Bards on Tour: A Role-Playing Campaign

I touched on this in our last RPG Talk, but the one-class campaign featuring the Bard is something I actually AM developing for a small group of friends, hopefully over the summer. Some early campaign notes...

The Premise
These will be the adventures of a band of bards hopping around the Forgotten Realms, from gig to gig. Wherever they go, there are opportunities for getting into trouble, whether physical, magical, political, or whimsical. The treatment will be anachronistic (if we can use that term when discussing a world that isn't actually historical), the bards to be treated as a rock stars playing at everything from the local inn to the Royal Court. Though the Realms are my chosen setting, I'm thinking this sounds a lot more like a Discworld idea. A lot of thing can happen on tour, and while I don't want to discuss plot details here, I'll be looking at material from Jem and the Holograms to the most recent Black Canary comic to music biopics for inspiration.

The band hasn't chosen a name yet, but if you're following in my footsteps, something meta could be fun (The Saving Throws), or maybe a pun (Earth, Wind, and Shire)... It could even be part of your character concept (say a version of Josie and the Pussycats with actual cat-people).

This will be limited engagement, say about 6 game sessions.

How Does Music Work?
A lot of gamers have music at the table these days. Playlists and YouTube make it very easy to give each game its soundtrack, and I've personally been indulging in this trick since the days of having to burn CDs (my players certainly appreciated getting the album at the end of the campaign chapter). So OBVIOUSLY, a "World Tour" campaign MUST have music. Several ideas come to mind:
-If all your players play complementary instruments, you could have their gigs played as live jams (this is not my case).
-A gig could be simulated using a video game like Rock Band; of course, either of these options means a rest from the tabletop, which is good or bad, depending on what you're trying to accomplish, and in what amount of time.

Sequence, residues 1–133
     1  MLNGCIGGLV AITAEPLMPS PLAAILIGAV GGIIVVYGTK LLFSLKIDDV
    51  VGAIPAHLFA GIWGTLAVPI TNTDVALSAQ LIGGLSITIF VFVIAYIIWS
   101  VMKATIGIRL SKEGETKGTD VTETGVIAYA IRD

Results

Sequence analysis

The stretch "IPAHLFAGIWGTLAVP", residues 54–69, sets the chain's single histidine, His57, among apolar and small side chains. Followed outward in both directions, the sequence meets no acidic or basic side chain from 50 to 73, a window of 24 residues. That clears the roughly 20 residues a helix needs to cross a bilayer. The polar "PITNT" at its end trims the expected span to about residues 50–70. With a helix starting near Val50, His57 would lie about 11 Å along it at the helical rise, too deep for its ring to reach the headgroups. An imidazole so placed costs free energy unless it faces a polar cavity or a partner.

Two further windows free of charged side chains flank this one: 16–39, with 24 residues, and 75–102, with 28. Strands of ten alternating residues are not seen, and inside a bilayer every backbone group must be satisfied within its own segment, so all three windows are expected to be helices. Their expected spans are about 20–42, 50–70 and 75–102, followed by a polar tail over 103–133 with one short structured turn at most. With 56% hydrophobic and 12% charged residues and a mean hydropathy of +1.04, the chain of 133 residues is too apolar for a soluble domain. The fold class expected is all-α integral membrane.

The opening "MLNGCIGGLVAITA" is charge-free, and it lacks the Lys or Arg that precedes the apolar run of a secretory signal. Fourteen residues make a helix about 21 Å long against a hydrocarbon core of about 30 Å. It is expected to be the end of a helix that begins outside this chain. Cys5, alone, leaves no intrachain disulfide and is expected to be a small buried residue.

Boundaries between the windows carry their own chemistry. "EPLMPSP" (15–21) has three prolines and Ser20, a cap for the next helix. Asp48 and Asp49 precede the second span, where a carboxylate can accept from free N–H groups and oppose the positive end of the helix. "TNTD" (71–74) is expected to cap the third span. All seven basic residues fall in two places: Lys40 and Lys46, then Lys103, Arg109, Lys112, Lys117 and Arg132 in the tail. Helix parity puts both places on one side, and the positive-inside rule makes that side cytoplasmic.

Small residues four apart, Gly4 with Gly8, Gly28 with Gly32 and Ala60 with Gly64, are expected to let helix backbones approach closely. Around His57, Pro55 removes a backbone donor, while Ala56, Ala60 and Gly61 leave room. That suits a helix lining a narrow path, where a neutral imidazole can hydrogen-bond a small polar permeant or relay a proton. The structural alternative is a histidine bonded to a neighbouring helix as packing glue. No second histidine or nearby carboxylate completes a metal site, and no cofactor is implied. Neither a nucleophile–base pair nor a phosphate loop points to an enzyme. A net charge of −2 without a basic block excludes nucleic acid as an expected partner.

-The most basic way to play a gig is to have the players bring one or more songs (as a record, mp3, or YouTube link) to the game, hopefully something in the style they've chosen (though depending on the players, the band may be eclectic indeed). Each adventure should include a gig, which takes place before, during or after the scenario's main action, and we should hear at least one song (but no more than three, surely!) as the players act out their performance, describe flash pots going off, etc.
-If you're a stickler for authenticity, you can make your style Medieval music and such, but I personally want it to be crazy, with full on electric instruments, A Knight's Tale-style. In any case, this will be useful for...
-Tunes on the fly. Regardless of the bards' spellbooks - and I expect most spells to at least come with a ditty - I think the band should be able to come together at some point during an adventure, and fix a problem using a song. This will be a "once per session" ability, and will be completely open-ended. The effect is up to them, so long as they can suggest a song that evokes that effect. Bonuses and penalties will be handed out for how relevant it is, how difficult the effect is, how close to their band style it is, and so on.
-Electric instruments, did I say? Yes, this will just be a fact of life in our fantasy world that all the big acts use magical instruments that play like modern-day instruments AND can be used for bardic magic. I'm guessing these instruments are imbued with magic by the act of playing them and the audience loving it. The more success a bard has, the cooler the instrument becomes.
The Opening Act
Or, the Guest Player. My group is indeed small. I've got three players with the right schedule (to date, fingers crossed) that could play weekly or semi-weekly and get this story done over the summer months. But that doesn't mean other people don't want in, or that I don't WANT them in. Quite the opposite. And so, the Opening Act.